It doesn’t matter the good that may have been achieved by either from time to time in the course of their lives and careers, there’s a sense that overall, in a “Mill’s of God” sort of way, the balance for both lies very squarely on the dark side of the spreadsheet.
What’s surprising is that two such intelligent men – you simply don’t reach the heights either have achieved without a generous helping of grey matter – have such an inability to see themselves as others see them. To acknowledge the waves of disbelief and disgust, which they casually dismiss with all the depth of a bitchy cheerleader: “You’re just jealous!” you can imagine them bleating, as every other editorial weighs in with character sketches that might make you or me weep.
Another similarity between the terrible twins are their problems with communication – though their difficulties are expressed in two very different ways.
Conrad Black for instance, who is renowned for his virtually bottomless vocabulary renders himself incomprehensible for using words far more expensive than your regular over-the-top $10 variety; his would have to go for tens of thousands were they to be auctioned off, so obscure, so long, so complex, so multi-syllabic, but in the end so very unintelligible. Language used not to communicate, but to NOT communicate. What’s that about? Seriously?
(I myself am a lover of words, I like to use them all, or as many as I can get pen around: the most apt, the most delicious, the most lyrical, the most descriptive and I’ll admit that some of them are not in everyday usage – but they’re the best words to communicate precisely what I want to say. However I would never – and I mean never – put myself in the same class as Black who, for example, instead of saying his future wife was the most beautiful woman he had ever seen mere moments after meeting her, described her to those around him as being the absolute acme of “female pulchritude”. I’m convinced half of them, before diving for their dictionaries thought he was describing a fat woman with bad skin. When a person is moved – as I have no doubt he was at first clapping eyes on the very toothsome Barbara Amiel – I’m sure he described her that way a time or two, and as I’m sure you’re aware, it has nothing to do with her actual teeth – you’d (I’d) assume all that puffery and bullshit would whither away to breathless descriptions of beauty and gorgeousness and maybe a comment or two about her rack or her ass if he was truly swept away. But to go straight to "pulchritude", suggests a man no longer able to even think as the rest of us do, let alone express himself in such a way as to be easily understood. He’s turned English into a second language… to the English.)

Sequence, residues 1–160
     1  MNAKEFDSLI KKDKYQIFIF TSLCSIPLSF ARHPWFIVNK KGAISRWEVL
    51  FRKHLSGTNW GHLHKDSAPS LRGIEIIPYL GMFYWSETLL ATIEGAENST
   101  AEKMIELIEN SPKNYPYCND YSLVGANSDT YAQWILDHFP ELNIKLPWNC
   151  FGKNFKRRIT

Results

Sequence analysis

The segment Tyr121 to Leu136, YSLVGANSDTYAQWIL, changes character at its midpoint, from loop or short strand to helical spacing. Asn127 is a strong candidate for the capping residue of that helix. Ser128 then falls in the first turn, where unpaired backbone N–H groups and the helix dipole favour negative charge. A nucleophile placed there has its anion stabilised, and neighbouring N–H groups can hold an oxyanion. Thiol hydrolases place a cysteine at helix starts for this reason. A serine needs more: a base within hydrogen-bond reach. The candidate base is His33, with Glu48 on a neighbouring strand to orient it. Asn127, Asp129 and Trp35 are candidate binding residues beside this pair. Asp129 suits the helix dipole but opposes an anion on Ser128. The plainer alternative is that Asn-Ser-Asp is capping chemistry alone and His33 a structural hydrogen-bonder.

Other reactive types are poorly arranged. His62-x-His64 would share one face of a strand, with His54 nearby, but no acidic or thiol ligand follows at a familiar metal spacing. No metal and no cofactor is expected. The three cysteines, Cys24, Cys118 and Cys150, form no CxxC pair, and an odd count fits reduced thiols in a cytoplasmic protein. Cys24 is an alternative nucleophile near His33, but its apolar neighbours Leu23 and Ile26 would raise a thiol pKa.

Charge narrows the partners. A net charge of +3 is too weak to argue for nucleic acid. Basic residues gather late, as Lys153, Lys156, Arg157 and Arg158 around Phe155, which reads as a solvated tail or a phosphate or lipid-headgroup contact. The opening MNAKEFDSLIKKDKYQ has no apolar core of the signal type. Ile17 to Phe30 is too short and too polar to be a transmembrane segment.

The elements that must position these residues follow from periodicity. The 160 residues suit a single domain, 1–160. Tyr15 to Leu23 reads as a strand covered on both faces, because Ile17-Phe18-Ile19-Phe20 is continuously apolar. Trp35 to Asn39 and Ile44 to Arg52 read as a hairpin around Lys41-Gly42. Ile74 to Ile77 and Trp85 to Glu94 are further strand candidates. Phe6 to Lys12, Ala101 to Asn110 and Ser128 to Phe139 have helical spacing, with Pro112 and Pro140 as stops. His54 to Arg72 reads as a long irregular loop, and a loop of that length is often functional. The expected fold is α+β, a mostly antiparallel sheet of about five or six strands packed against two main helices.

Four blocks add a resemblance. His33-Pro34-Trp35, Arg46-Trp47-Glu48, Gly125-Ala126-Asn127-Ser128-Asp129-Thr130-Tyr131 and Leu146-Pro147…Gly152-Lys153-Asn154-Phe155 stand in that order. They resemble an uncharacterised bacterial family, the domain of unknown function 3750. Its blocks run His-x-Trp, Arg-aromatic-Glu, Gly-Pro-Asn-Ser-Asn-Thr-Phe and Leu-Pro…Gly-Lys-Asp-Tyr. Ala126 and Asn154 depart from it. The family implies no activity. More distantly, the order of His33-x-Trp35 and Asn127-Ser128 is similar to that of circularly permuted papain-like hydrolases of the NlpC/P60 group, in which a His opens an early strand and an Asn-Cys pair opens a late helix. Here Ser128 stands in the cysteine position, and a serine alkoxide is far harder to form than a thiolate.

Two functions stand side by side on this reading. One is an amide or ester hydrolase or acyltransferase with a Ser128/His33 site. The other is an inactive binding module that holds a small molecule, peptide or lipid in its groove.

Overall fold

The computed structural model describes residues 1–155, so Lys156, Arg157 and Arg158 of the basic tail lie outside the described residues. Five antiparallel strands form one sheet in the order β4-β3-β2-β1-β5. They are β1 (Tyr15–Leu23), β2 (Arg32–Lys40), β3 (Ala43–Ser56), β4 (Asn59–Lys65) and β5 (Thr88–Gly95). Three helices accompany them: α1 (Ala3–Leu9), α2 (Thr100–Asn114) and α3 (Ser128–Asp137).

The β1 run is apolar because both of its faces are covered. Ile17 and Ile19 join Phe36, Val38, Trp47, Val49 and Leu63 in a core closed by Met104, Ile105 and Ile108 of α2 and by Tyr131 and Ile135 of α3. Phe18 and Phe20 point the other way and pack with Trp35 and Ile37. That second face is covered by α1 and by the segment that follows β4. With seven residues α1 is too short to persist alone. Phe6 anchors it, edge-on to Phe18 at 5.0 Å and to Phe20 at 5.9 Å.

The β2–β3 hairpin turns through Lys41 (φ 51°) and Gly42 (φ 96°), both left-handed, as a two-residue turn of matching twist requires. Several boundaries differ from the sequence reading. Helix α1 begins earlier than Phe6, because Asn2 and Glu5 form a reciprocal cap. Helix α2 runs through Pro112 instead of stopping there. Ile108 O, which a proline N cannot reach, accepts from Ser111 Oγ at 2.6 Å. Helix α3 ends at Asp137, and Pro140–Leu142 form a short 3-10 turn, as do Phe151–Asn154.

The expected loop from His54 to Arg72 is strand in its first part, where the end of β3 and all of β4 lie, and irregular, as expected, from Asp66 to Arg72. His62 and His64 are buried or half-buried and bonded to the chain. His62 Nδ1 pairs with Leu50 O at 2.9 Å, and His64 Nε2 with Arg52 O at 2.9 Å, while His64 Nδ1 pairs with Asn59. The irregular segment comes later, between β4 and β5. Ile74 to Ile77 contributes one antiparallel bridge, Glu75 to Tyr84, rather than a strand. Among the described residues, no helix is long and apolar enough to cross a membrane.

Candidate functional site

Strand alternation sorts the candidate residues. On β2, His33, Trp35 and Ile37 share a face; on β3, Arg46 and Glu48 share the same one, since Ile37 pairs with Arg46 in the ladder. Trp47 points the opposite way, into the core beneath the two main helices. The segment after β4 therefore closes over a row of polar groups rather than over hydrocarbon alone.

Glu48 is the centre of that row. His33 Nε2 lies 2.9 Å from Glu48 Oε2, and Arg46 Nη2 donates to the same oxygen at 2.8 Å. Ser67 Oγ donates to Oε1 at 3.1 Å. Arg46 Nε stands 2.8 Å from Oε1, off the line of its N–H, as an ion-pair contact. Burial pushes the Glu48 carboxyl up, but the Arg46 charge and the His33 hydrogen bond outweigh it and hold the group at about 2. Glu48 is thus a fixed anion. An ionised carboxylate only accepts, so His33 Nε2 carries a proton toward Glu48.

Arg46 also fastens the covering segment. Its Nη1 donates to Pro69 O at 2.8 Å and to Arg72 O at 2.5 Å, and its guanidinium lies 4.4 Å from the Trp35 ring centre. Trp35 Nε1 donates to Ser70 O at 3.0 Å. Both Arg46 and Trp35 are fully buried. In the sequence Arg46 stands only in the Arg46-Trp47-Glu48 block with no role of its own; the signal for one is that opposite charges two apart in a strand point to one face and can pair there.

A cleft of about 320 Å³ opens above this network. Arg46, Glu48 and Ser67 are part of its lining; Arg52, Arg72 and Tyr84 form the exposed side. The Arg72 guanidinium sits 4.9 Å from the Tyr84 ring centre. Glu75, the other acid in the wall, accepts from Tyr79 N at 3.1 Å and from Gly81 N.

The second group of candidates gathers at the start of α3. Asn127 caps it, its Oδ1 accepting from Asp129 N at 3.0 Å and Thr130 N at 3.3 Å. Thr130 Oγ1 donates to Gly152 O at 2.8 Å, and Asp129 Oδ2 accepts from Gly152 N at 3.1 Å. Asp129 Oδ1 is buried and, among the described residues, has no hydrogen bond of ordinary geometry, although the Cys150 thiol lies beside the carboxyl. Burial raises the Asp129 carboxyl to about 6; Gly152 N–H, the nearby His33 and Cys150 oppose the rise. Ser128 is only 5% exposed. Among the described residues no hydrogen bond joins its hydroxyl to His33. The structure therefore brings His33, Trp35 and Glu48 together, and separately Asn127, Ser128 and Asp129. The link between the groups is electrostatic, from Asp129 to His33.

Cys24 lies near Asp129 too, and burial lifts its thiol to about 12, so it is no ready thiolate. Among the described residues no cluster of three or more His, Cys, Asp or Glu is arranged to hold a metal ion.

And Mulroney – he of the modulated to a fare-thee-well, phonier than an old-fashioned disc jockey, cheesier than that guy who used to describe recipes using Kraft products in between breaks during The Wonderful World of Disney. (Combine two cups of Kraft miniature marshmallows with six slices of melted Velveeta cheese, stir in a heaping tablespoon of Kraft Skippy peanut butter, and roll in a half cup of semi-sweet chocolate chips and top with Cheez Whiz – et voila! A marshmallow peanut butter cheese log! Perfect for entertaining – just chill and cut into interesting shapes! Gah!)